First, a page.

The spacecraft, a landing technology demonstrator, flew to Mars on the ExoMars 2016 mission, but crashed when it prematurely shut down its thrusters.
The agency said it will consider Mawrth Vallis, an area that once likely had liquid water, along with Oxia Planum.
The European Space Agency on Nov. 23 said its Schiaparelli lander’s crash landing on Mars on Oct. 19 followed an unexplained saturation of its inertial measurement unit, which delivered bad data to the lander’s computer and forced a premature release of its parachute.
Satellite and rocket hardware builder OHB of Germany on Nov. 16 said delays in its supply chain had put pressure on its revenue in recent months but that the company’s full-year profitability would be unaffected.
The European Space Agency will ask its 22 member governments in December for a multi-year financial commitment of around 11 billion euros ($12.2 billion) including a billion-euro telecommunications research effort to be conducted in partnership with the private sector and around 1.4 billion euros in new Earth observation missions, ESA Director-General Jan Woerner said Nov. 7.
The Russian space agency, Roscosmos, on Oct. 21 gave written warning to the French government that it would take France to court in six months unless France’s Arianespace launch-service company frees up about 300 million euros ($330 million) in long-overdue payments.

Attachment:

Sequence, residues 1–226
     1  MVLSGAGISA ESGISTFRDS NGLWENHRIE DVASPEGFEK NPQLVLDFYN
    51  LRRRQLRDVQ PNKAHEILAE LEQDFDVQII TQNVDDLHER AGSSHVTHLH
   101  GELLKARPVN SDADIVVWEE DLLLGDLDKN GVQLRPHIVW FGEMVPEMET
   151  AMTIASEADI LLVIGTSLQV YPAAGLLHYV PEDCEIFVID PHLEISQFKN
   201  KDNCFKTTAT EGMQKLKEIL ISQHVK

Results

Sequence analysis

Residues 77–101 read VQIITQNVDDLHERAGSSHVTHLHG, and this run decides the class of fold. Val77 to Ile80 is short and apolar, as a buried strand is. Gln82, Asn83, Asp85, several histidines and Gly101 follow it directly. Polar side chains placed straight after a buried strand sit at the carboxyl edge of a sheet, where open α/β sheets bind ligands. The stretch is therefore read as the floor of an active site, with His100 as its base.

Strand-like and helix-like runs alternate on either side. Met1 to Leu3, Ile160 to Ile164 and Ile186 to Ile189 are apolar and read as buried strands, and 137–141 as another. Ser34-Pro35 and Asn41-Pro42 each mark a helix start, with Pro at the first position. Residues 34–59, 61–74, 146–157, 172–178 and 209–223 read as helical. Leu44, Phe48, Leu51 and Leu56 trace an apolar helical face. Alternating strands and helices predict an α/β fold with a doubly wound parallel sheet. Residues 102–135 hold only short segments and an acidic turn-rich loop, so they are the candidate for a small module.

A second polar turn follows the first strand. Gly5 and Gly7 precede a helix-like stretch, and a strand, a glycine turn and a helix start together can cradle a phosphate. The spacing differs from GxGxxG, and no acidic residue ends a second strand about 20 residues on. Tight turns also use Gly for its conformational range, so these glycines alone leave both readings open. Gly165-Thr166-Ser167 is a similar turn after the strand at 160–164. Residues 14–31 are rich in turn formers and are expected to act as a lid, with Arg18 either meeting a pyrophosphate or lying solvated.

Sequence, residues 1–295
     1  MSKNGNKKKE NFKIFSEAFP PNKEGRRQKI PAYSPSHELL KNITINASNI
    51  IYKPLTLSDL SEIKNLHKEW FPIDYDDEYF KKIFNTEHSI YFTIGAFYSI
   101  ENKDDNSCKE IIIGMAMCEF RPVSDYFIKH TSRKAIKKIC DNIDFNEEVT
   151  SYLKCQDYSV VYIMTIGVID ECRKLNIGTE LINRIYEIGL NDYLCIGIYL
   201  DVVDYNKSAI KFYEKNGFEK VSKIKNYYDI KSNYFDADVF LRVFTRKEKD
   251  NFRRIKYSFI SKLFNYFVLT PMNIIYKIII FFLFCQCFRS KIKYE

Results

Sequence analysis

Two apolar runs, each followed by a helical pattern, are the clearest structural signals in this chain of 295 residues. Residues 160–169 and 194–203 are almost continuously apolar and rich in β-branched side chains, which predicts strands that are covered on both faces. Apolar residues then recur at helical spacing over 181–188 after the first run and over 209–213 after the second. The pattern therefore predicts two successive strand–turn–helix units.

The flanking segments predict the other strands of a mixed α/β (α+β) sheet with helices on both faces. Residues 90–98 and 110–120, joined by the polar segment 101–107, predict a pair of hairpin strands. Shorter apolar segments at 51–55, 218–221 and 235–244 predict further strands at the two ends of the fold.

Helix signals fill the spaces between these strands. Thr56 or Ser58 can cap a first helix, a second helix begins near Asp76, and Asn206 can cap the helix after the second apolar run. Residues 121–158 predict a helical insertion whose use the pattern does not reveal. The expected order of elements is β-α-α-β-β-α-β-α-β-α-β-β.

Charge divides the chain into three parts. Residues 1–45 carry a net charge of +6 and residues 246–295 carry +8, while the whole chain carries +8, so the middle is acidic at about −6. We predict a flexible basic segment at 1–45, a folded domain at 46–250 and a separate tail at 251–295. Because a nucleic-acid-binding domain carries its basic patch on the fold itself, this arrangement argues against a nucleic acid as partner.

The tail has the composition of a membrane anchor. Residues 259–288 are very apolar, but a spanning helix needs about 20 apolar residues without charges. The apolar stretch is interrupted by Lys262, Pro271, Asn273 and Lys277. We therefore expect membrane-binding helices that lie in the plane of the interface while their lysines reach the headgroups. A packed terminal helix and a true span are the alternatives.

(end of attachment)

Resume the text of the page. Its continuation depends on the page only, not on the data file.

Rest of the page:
Images from a NASA Mars orbiter suggest that the European Space Agency’s Schiaparelli spacecraft crashed when attempting to land on the Martian surface Oct. 19.
The European Space Agency on Oct. 19 successfully placed its Trace Gas Orbiter satellite in Mars orbit, where it will examine Mars’s atmosphere before changing orbit to become a data relay station for future U.S. and European Mars rover missions.
NASA Administrator Charles Bolden on June 15 made an impassioned plea to European governments not to quit the International Space Station partnership, saying the station is the on-ramp for future collaboration in space exploration.
European Space Agency Director-General Johann-Dietrich Woerner on May 9 expressed frustration with the equipment delays that forced a two-year slip in the launch of Europe’s ExoMars rover vehicle and said he would not write a blank check to keep the mission alive.
The European and Russian space agencies on May 2 said their joint ExoMars 2018 mission carrying a rover and an experiment-filled landing platform to Mars would not be ready in time and would be delayed to July 2020.
A Russian Proton heavy-lift rocket on March 14 successfully placed the Euro-Russian ExoMars 2016 mission into orbit, a launch intended as the first half of a program whose second half, scheduled for 2018, remains in doubt.
Monday's briefing begins with the successful liftoff of a Proton rocket carrying the 2016 ExoMars mission.
The program remains in deadlined-stressed mode with triple-shift work days in preparation for the first mission's March launch.
ESA said the same pressure transducers whose suspected leaks forced the agency to delay the launch of ExoMars have been removed or repaired on a half-dozen other missions — all in time to prevent in-orbit problems.